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The first large-scale exhibition in this country of the work of the internationally-acclaimed Irish artist Dorothy Cross opens to the public at the Irish Museum of Modern Art on Friday 3 June 2005. The exhibition, entitled simply Dorothy Cross , comprises more than 40 works, including sculpture, installation, performance, photography and film, and covers the period from the late 1980s to date. A number of Cross’s iconic sculptures, such as, Amazon, 1988, and Virgin Shroud, 1993, are included alongside some of her best-known films, among them Eyemaker, 2000, and Jellyfish Lake, 2002. The exhibition is presented in association with THE IRISH TIMES .
In his foreword to the catalogue IMMA Director, Enrique Juncosa, the curator of the exhibition, describes Cross’s art as “a poetic amalgamation of found and constructed objects; sometimes humorous, sometimes disturbing, always intellectually stimulating and physically arresting”. The exhibition includes a key work from the 1980s, when Cross first came to public attention with a series of witty and inventive works in a variety of media exploring contemporary sexual and political mores. Shark Lady in a Ball Dress, 1988, brings together many of the elements central to Cross’s past and present work. The shark’s accentuated breasts and woven bronze dress serve to undermine its usual status as an archetype of aggression, while its upright stance has clear phallic undertones.
In the 1990s much of Cross’s work took the form of an extended series of sculptures using cured cowhide or stuffed snakes, again drawing on the symbolic associations of these materials to powerful effect. In one of the best-known of these works, Virgin Shroud, now in the Tate Collection, a life-size cowl – made using cow hide and her grandmother’s wedding veil – mimicks the form of a traditional statue of the Virgin Mary, its crown formed by four udders. Shuttlecock, 1993, Rugby Ball, 1994, and Croquet, 1994, all employ the same combination of unlikely subject matter and material. Another strand of Cross’s work in this period was her exploration of found or disused structures and their contents. Bible, 1995, makes use of an illustrated bible discovered in her family’s attic and retained until a use presented itself. In this case the artist carefully drilled an inch-and-a-half hole through the entire book. The fortuitous appearance of the hole in the quaint Victorian images providing a very contemporary comment on religious iconography in a modern secular society.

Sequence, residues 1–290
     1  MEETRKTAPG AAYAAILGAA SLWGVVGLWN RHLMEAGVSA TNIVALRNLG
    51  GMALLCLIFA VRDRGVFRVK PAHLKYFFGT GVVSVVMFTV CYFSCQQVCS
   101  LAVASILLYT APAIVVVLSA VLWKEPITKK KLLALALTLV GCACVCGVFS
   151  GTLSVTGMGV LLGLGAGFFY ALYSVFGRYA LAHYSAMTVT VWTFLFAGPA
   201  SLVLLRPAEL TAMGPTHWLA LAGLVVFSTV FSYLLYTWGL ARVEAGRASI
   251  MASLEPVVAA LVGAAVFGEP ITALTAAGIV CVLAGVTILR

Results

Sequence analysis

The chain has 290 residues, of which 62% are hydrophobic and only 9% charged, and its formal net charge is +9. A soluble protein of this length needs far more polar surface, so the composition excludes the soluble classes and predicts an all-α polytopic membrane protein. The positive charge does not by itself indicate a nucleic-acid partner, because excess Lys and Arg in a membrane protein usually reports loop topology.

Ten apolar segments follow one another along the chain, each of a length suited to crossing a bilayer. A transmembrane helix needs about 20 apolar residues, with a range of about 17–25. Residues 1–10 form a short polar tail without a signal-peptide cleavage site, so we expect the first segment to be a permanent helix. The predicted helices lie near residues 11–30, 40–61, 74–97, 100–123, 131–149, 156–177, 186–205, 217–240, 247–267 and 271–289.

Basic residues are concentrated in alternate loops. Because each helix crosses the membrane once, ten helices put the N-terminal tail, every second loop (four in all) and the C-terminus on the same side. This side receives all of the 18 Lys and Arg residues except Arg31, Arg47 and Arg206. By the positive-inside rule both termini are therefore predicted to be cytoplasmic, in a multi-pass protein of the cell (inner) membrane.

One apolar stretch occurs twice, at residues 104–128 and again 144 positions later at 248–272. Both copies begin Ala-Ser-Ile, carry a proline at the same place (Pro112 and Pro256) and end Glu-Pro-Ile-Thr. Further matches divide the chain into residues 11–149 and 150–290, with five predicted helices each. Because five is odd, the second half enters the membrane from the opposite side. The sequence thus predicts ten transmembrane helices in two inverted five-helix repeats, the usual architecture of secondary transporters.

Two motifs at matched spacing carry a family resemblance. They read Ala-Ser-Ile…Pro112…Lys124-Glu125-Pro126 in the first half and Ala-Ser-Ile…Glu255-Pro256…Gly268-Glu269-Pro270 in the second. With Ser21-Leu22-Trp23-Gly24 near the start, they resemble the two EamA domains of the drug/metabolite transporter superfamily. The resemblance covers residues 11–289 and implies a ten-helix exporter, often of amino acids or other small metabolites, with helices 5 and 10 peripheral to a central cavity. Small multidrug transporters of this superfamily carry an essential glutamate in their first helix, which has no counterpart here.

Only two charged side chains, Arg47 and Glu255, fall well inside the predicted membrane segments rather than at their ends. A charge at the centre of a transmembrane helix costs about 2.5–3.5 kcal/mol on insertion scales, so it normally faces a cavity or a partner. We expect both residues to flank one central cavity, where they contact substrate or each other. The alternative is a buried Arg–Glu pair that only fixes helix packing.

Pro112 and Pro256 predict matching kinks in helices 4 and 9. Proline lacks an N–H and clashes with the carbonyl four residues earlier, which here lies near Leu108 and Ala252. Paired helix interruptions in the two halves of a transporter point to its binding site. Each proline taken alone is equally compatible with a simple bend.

More recently, Cross has devoted much of her time to developing large-scale public events and projects, most notably in Ghostship, 1998, chosen for the prestigious Nissan Art Project, organised by the Irish Museum of Modern Art. This homage to the lightships which once encircled the Irish coast, took the form of a ship covered in luminous paint, which faded and glowed creating a breathtaking spectacle in Dublin Bay, and drawed large crowds of on-lookers for a three-week period in 1998. Among the films in the exhibition is Stabat Mater, 2005, documenting an event which took place in a disused slate quarry – now a Marian grotto – on Valentia Island, off the coast of Co Kerry, in 2004. Using the proscenium arch of the quarried cave, Cross produced with Opera Theatre Company a performance of Pergolesi’s Stabat Mater. As the music came to an end, it was replaced by the roar of industry accompanied by video images of the trinity that Cross had brought together in the work – nature, industry and religion.
Commenting on the exhibition Enrique Juncosa said, “We are delighted to present a comprehensive overview of this leading Irish artist’s work at IMMA, particularly given her long and successful association with the Museum, from early acquisitions to our Collection and the memorable Ghostship to her participation in the important Irish Art Now exhibition. The Dorothy Cross exhibition forms part of an important strand of programming at IMMA that aims to produce defining mid-term retrospectives of Irish artists of international repute. This series has already included shows by Kathy Prendergast and Willie Doherty.”
Dorothy Cross will give a talk on her work in the Lecture Room at IMMA at 7.00pm on Tuesday 6 September 2005. Admission is free, but booking is essential on Tel: +353 1 612 9900 or on the automatic booking line +353 1 612 9948: Email: firstname.lastname@example.org .
A large publication with a foreword by Enrique Juncosa and essays by Marina Warner, writer and critic, Ralph Rugoff, Director, CCA Wattis Institute of Contemporary Arts, San Francisco, and Patrick T Murphy, Director, Royal Hibernian Academy, Dublin, accompanies the exhibition. It is published in association with Charta, Milan (price €36.00).
Dorothy Cross continues at IMMA until 11 September 2005. Admission is free.
Selected works from the exhibition will travel to CAC, Centro de Arte Contemporăneo, Malaga, Spain.
Opening hours: Tuesday to Saturday 10.00am-5.30pm,
except Wednesdays 10.30am-5.30pm
Sundays and Bank Holidays 12 noon- 5.30pm
For further information please contact Patrice Molloy or Daniela Sabatini at Tel: +353 1 612 9900: Email: email@example.com .
12 May 2005
Irish Museum of Modern Art, Royal Hospital, Kilmainham, Dublin 8, Ireland
Tel: +353-1-6129900, Email: firstname.lastname@example.org
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